abstract = "Purpose: This paper aims to focus on customer engagement (CE) in the underexplored context of transactional retailing websites, providing insight into the drivers, manifestations and dimensionality of the construct. The website is viewed as a collection of environmental stimuli, and focus is placed on identifying the website environmental cues that promote CE. Design/methodology/approach: This focussed study follows an exploratory research design. A total of 22 semi-structured interviews were conducted with one segment group: over-55-year-old female online shoppers in the most commonly purchased product category online, clothing. The stimulus–organism–response model forms the theoretical framework. Findings: The unique findings identify that product-related environmental cues drive CE on a website, suggesting that CE occurs at the level of the product, as opposed to the website. Research limitations/implications: CE with websites exists beyond the customer–brand dyad, with the website forming the third node in a triadic relationship between customer, brand (at level of the product) and website (at level of the product-related cues). Practical implications: This study reveals the relationship between website environmental cues and the manifestation of CE, providing managers with insight on how best to drive CE. Confirmation is provided that the website represents a vital touchpoint in the engagement journey of a retail customer. Originality/value: Websites as a focal object for CE are markedly under-researched. This study empirically supports the relevance of considering CE in this context and reveals the influence online environments have on CE.",
keywords = "customer engagement, CE, websites, online retailing, online consumer behaviour, fashion, mature shoppers",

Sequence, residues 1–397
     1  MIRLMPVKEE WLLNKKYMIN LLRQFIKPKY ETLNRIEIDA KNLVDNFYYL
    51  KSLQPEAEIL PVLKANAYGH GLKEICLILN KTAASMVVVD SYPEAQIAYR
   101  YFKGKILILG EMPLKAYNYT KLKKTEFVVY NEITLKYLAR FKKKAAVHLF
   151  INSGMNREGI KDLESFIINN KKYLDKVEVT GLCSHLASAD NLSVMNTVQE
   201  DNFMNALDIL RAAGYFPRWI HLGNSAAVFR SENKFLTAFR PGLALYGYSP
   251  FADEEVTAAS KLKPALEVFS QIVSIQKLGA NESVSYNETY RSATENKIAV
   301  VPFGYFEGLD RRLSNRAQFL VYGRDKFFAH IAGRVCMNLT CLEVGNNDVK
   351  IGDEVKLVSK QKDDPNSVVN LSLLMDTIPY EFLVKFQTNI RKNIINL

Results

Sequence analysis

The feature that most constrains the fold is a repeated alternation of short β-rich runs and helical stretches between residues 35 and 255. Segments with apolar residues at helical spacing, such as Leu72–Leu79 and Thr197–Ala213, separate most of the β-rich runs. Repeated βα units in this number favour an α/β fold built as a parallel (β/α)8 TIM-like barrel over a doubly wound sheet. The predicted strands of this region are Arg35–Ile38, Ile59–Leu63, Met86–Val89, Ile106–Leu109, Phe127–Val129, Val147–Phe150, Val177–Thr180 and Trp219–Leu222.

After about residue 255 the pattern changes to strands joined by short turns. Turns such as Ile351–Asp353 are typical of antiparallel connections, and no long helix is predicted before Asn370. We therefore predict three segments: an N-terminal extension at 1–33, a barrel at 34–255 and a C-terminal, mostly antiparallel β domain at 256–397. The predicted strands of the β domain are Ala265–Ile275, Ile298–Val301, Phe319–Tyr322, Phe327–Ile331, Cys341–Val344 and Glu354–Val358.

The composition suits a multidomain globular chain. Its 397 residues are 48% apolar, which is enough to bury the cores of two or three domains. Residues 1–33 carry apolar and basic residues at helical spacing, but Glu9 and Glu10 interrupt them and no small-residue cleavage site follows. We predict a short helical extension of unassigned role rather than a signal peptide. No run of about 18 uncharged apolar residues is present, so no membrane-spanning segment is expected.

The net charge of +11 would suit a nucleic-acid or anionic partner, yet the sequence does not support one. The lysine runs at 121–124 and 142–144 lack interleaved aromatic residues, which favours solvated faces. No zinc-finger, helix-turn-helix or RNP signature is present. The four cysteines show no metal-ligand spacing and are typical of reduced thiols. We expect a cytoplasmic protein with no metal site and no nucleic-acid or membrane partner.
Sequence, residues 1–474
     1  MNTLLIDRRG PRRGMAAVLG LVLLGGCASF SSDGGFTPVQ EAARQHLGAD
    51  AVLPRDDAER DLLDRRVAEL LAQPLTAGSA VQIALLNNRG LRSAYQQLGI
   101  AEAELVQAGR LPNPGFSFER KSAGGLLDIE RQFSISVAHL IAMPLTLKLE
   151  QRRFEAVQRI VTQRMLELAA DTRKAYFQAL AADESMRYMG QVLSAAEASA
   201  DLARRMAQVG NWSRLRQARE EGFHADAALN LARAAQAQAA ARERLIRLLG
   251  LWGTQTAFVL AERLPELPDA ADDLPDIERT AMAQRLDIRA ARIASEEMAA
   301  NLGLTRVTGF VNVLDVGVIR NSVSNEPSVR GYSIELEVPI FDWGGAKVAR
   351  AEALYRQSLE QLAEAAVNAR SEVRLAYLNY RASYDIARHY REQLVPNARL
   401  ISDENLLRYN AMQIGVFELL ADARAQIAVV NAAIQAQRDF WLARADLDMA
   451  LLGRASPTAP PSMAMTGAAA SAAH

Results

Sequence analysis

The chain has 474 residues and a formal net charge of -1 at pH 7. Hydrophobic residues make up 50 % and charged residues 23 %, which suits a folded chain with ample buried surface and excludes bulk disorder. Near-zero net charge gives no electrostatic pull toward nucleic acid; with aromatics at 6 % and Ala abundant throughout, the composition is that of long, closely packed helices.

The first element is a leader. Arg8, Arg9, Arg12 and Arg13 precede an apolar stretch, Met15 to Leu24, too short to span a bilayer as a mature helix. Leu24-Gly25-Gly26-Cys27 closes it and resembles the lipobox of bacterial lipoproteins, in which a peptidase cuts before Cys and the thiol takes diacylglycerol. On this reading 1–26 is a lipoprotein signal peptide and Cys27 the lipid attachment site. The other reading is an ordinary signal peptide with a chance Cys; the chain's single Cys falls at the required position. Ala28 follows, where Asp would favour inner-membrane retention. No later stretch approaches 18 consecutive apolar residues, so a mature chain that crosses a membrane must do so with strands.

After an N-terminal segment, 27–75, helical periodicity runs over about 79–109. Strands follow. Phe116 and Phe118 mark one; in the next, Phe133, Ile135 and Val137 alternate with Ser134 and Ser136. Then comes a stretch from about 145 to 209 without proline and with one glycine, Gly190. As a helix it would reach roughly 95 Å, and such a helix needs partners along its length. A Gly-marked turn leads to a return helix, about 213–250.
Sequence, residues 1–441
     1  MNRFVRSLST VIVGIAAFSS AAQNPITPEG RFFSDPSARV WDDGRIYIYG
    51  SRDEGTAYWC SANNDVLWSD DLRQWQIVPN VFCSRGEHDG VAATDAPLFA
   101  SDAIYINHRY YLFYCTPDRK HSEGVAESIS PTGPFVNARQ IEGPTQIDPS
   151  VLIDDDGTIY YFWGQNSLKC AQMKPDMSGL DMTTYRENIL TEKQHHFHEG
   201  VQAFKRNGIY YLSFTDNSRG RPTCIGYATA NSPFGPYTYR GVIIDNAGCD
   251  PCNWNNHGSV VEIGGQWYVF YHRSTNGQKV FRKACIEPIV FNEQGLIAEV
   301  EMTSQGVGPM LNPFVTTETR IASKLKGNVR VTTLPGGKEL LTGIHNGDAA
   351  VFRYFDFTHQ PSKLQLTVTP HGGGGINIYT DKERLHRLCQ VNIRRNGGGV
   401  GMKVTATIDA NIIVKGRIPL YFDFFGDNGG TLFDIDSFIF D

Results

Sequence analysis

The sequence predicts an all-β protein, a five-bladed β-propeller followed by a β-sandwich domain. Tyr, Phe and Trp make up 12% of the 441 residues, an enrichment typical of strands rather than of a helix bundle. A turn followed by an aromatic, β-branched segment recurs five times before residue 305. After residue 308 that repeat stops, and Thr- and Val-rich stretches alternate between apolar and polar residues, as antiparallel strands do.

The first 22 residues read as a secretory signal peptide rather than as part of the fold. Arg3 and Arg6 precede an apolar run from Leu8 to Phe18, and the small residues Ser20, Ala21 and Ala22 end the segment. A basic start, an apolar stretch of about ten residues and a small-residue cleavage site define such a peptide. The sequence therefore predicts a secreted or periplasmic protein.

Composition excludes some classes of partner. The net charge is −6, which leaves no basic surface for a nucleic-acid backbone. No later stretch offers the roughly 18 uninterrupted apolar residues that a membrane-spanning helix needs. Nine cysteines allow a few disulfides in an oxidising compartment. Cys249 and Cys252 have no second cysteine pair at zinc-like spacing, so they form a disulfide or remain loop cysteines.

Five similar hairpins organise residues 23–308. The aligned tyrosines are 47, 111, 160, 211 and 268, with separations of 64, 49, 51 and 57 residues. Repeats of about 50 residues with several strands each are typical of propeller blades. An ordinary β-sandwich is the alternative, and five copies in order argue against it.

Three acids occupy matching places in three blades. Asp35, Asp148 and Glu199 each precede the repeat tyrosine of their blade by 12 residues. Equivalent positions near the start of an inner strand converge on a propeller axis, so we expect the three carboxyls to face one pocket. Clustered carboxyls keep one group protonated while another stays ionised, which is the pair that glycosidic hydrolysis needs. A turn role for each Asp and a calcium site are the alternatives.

author = "Cara Connell and Ruth Marciniak and Carey, {Lindsey I.} and Julie McColl",
note = "Acceptance in SAN Pub date from RIS citation AAM: no embargo upon publication Added pre-pub embargo end date. ET 30/10/19",
year = "2019",
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day = "9",
doi = "10.1108/EJM-10-2017-0649",
language = "English",
journal = "European Journal of Marketing",
issn = "0309-0566",
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AB - Purpose: This paper aims to focus on customer engagement (CE) in the underexplored context of transactional retailing websites, providing insight into the drivers, manifestations and dimensionality of the construct. The website is viewed as a collection of environmental stimuli, and focus is placed on identifying the website environmental cues that promote CE. Design/methodology/approach: This focussed study follows an exploratory research design. A total of 22 semi-structured interviews were conducted with one segment group: over-55-year-old female online shoppers in the most commonly purchased product category online, clothing. The stimulus–organism–response model forms the theoretical framework. Findings: The unique findings identify that product-related environmental cues drive CE on a website, suggesting that CE occurs at the level of the product, as opposed to the website. Research limitations/implications: CE with websites exists beyond the customer–brand dyad, with the website forming the third node in a triadic relationship between customer, brand (at level of the product) and website (at level of the product-related cues). Practical implications: This study reveals the relationship between website environmental cues and the manifestation of CE, providing managers with insight on how best to drive CE. Confirmation is provided that the website represents a vital touchpoint in the engagement journey of a retail customer. Originality/value: Websites as a focal object for CE are markedly under-researched. This study empirically supports the relevance of considering CE in this context and reveals the influence online environments have on CE.